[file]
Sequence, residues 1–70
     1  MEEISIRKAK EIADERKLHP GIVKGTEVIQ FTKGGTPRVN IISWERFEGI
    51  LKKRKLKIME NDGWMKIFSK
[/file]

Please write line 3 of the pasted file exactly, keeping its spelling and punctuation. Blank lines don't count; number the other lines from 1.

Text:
    51  LKKRKLKIME NDGWMKIFSK